Dogs share your allergy misery

Dogs share your allergy misery
From April to September, my dog and I make quite a pair. I suffer with watery eyes, stuffed-up nose and sinus headache, while my dog itches and scratches. We have different symptoms but the same culprit, seasonal allergies.

This year at least one of us, my dog, has found relief. As soon as the itching, scratching and biting began, we started adding allergy pills to her food. Fortunately, she is not a discriminating eater. Most of the time, allergy pills keep her symptoms under control.

When she is most allergic, nothing seems to work. During this time frame, she usually gnaws bare a three-inch patch of skin on her haunches. This season we discovered a remedy for that problem. She must wear a “halo” around her neck that prevents her from reaching her itchy places. After about a week, the pollen count dips a bit; the allergy medicine kicks in; and the halo comes off.

It took us many years to realize that our dog was sensitive to many of the same allergens as people. The problem was we were conditioned to looking for watery eyes and runny noses as signs of the problem. My golden retriever itched incessantly while I scratched my head in bewilderment over what her problem might be. I knew she didn’t have fleas or insect bites. A trip to the veterinarian yielded little more than a tube of skin ointment to soothe my pet’s rash outbreaks. Of course, she promptly licked it all off. With some perseverance, I discovered an itchy, allergic golden retriever is quite common.

Most seasonal allergy problems in dogs are caused by pollens, while year-round difficulties may be associated with dust mites, mildew or mold. Allergic reactions often affect paws, ears, armpits or groin area.

For my pooch, the best remedy has been her daily antihistamines and frequent bathing using a hypoallergenic shampoo and conditioner. I take her to a self-service, pet-washing facility because only deep cleansing seems to lessen her symptoms. Keeping my dog indoors where there is air conditioning and frequent vacuuming has helped alleviate her problems.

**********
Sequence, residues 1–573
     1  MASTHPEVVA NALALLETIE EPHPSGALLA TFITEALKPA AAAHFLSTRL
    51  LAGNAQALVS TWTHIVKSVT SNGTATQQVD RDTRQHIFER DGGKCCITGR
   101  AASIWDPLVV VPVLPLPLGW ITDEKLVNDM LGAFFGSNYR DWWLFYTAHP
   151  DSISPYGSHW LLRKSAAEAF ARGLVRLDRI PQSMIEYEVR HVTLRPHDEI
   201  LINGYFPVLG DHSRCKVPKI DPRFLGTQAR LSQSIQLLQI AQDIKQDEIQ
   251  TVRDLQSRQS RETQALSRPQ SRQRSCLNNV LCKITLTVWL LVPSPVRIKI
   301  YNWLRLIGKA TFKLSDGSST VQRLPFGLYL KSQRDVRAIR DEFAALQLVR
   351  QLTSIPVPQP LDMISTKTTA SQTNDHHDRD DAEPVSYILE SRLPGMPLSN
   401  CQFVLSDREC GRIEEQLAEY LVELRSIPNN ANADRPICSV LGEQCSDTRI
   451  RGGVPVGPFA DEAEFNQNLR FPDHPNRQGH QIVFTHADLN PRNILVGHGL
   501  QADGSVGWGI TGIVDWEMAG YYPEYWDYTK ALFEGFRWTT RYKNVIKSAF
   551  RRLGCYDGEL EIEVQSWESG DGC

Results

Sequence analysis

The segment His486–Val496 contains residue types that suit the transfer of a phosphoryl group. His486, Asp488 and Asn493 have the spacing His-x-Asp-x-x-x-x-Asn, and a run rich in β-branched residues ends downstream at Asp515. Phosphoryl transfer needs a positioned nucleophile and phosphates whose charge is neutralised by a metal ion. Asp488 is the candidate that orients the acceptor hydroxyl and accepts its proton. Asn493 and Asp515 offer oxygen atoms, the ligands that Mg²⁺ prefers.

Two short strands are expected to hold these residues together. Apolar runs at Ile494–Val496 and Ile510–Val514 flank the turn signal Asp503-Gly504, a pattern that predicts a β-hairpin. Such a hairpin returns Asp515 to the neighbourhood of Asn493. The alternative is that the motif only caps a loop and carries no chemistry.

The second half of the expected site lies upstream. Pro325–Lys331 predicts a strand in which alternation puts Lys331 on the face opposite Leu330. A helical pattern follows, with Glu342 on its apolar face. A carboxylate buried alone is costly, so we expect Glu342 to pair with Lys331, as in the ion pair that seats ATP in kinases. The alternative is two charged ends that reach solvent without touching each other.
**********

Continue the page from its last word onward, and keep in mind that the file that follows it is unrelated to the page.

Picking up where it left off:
To sleuth out the cause of a dog’s itchiness, start by looking for fleas which are the most common reason for scratching. Itchy reactions are produced by proteins in the saliva the fleas deposit when they bite the dog’s skin. Dogs may develop rashes in response to flea bites. Remedies include frequent bathing, and flea medicines and repellants.

Less commonly, skin outbreaks are caused by coming into contact with irritants, such as flea collars. Discolored skin, strong odor and constant scratching causing hair loss are symptoms of contact allergies.

Itchiness, accompanied by digestive and respiratory problems, may be a sign of food allergies. Over time, dogs may develop food allergies to animal proteins used in pet foods. No food allergy testing is available for dogs. Instead, try different foods to clear up the problem.

If your dog has pollen allergy, ask your vet about using over-the-counter antihistamines and the proper dose for your pet. An itchy dog doesn’t always mean allergies but constant scratching with a rash or fur loss may mean its time for a trip to the veterinarian and possibly some of your own medical detective work.

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